“Where is Immanuel When I am Choking?” is the question my husband and I had to address with our son the other night. We were finishing dinner when something intensely frightening happened. My husband and I had just finished eating, and our sons were finishing the last of their meal. I stood up from the table to take my dishes to the sink. My husband stepped out of the room, and within a matter of moments I returned and saw my youngest son, Andrew (our 7-year-old) with his hands at his throat. His face was bright red.
I immediately knew he was choking and could not breathe. My stomach dropped, and adrenaline surged as I yelled for my husband, who flew into the room. I tried hitting Andrew firmly on the back—to no avail. Chris quickly started the Heimlich maneuver on him. Much to my relief, the food that was lodged in his throat dislodged. He was able to breathe again, and I began to take some deep breaths myself. My son started sobbing and shaking uncontrollably as he nestled into my lap.
Matthew (our 9-year-old) was sitting across the table watching this happen. He looked wide-eyed and frightened. Chris drew Matthew into his lap while I held Andrew. Chris suggested we talk to Jesus about what had happened and where Jesus was right now. As Chris started praying and inviting Jesus into our time, Andrew’s sobs slowed a bit, and the shaking became less intense. Chris asked us all to remember times when Jesus was with us and reminded Andrew of his favorite snuggly, secure feeling Andrew has had lately each time he asks what Jesus wants Andrew to know. (To read more about guiding children to interact with Immanuel read: “Mommy, how do I know if it’s Jesus?”) As Andrew thought about those interactions with Jesus, I felt him relax against me, and his tears calmed.
As we all reflected on our moments of interacting with Jesus, we felt some peace settle over the room. I invited the boys to ask Jesus where He was when Andrew was choking. I could feel Andrew tense up again, and neither of the boys had any clarity about where Jesus was. When I invited Andrew to think about how he felt when he was choking, he said, “No, that’s scary; I don’t want to think about it!”
I encouraged Andrew to return to the snuggly, secure feelings, and from there, to think about the time when he was choking. As we went back and forth between the two feelings, that of Jesus’ nearness and feeling snuggly and secure, and that of the choking moment that felt scary and like Jesus was far away, Andrew started to relax even as he thought about the choking moment. Pretty soon, Andrew reported that the choking feeling didn’t feel so scary anymore, and he was able to feel snuggly still and secure even when thinking about the choking incident.
We checked in with Matthew, and he was also feeling peaceful after inviting Jesus into the moment. What is interesting here is that neither of the boys were aware of a specific thought or image where Jesus was with them in the moment of fear and distress; however, after reflecting on the time Jesus was with them (historically), they both were able to feel the same “Immanuel-peace” in the midst of the recent frightening moment.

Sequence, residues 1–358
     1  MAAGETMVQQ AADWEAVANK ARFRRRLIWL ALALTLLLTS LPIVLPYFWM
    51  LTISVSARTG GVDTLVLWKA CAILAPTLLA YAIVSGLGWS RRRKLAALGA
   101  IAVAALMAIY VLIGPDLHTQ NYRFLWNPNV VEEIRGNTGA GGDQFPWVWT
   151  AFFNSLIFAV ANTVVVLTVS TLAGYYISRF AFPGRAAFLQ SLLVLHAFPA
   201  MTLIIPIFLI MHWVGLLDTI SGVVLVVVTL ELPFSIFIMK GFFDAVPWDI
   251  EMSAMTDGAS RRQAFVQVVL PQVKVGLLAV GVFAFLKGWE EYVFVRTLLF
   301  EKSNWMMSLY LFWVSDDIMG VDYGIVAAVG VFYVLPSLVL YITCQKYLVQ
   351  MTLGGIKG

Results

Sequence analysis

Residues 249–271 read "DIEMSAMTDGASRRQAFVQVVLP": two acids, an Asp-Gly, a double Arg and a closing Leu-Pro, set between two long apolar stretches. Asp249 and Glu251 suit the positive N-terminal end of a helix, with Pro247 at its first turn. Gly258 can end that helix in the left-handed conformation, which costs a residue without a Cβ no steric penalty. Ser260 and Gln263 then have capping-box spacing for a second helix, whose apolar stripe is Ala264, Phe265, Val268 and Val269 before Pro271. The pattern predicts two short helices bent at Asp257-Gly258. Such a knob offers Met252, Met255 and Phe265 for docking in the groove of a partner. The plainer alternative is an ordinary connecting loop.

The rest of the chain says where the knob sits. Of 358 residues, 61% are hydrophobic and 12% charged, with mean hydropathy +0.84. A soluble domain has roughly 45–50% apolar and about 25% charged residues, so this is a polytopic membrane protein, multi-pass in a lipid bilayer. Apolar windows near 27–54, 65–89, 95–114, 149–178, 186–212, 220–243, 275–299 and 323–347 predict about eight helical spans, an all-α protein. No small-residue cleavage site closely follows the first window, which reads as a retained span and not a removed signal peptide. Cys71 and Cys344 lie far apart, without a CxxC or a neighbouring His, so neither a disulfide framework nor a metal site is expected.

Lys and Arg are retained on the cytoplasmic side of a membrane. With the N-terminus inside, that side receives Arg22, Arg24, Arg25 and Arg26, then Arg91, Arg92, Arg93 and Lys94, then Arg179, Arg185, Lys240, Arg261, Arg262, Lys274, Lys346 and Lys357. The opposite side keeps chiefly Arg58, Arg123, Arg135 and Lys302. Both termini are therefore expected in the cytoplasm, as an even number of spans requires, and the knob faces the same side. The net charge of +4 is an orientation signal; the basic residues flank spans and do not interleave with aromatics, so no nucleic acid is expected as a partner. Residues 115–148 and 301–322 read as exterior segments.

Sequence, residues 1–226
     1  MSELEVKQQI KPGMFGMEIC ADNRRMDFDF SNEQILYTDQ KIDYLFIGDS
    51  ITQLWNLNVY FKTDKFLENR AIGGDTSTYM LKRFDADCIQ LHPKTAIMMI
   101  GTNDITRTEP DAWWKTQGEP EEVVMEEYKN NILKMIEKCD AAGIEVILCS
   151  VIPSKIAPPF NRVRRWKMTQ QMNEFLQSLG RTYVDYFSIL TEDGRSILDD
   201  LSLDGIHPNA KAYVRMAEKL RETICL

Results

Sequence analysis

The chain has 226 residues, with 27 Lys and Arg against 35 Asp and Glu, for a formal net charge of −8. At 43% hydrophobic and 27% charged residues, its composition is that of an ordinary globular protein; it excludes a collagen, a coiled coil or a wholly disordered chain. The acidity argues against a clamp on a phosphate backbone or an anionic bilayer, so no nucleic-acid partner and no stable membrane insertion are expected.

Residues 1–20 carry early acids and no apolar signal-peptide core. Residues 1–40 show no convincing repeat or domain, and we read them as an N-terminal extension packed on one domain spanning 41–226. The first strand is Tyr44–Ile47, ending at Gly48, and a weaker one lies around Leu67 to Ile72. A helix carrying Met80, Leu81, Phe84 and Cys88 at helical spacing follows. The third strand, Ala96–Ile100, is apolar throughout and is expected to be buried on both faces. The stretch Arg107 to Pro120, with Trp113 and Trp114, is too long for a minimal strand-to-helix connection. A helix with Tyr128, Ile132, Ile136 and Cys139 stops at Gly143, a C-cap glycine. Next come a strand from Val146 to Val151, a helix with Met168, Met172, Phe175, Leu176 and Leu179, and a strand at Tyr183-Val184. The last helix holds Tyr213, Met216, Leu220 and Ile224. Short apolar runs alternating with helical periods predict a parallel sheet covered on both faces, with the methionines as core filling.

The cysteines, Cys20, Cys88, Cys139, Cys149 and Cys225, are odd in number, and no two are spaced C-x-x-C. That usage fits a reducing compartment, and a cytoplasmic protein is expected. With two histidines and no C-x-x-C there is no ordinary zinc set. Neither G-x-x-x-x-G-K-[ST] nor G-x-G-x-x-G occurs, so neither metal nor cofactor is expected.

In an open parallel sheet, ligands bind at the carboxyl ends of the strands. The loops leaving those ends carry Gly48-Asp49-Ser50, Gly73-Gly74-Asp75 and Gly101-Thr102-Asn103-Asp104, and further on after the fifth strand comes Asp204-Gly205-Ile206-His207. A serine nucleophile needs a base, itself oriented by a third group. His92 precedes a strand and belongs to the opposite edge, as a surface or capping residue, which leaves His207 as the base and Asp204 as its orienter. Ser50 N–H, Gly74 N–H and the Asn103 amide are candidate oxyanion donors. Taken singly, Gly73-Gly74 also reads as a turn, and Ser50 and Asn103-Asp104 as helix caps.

Chris and I checked in with each other and discovered we had the same thought when asking where Jesus was in this scary situation. Both of us felt like Jesus brought me back into the room at just the right moment so that I could be there to help Andrew. Time was of the essence in this situation, and we felt peaceful knowing Immanuel was guiding in this whole ordeal.
By the end of our 8-10 minute prayer time, both boys were laughing and joking with each other. The tears and sobbing had stopped. Smiles and life returned to the room. My sons were now feeling peaceful and ready to finish their meal. All of us felt comforted by this time of interacting with each other and with Immanuel. We were grateful for Jesus’ presence and the subtle yet profound intervention. I am deeply thankful that what started as a traumatic event turned into an opportunity to connect with Jesus—and the result was peace.
Do you have moments in your life where you lack some of Immanuel’s peace? These are moments that still “sting,” and you may feel fear, anxiety or uncertainty just thinking about them. When we are unsettled about something, it can become an opportunity to be anchored in God’s presence and peace. I invite you to consider reflecting on sweet moments you felt like Jesus was with you, notice how this feels, then ask Immanuel to bring His peace into the situations where you feel peace has been missing.
You may need a friend to pray with you. The key in this process is to start with the awareness of God’s presence before moving onto the areas where peace is lacking. I encourage you to pursue the following resources to learn more about the process of interacting with Immanuel: The Share Immanuel booklet (offers detailed instructions on how to walk yourself or others through the sequence), the books Joyful Journey, and Passing The Peace, and materials by Dr. Karl Lehman, especially his book, The Immanuel Approach For Emotional Healing And For Life.0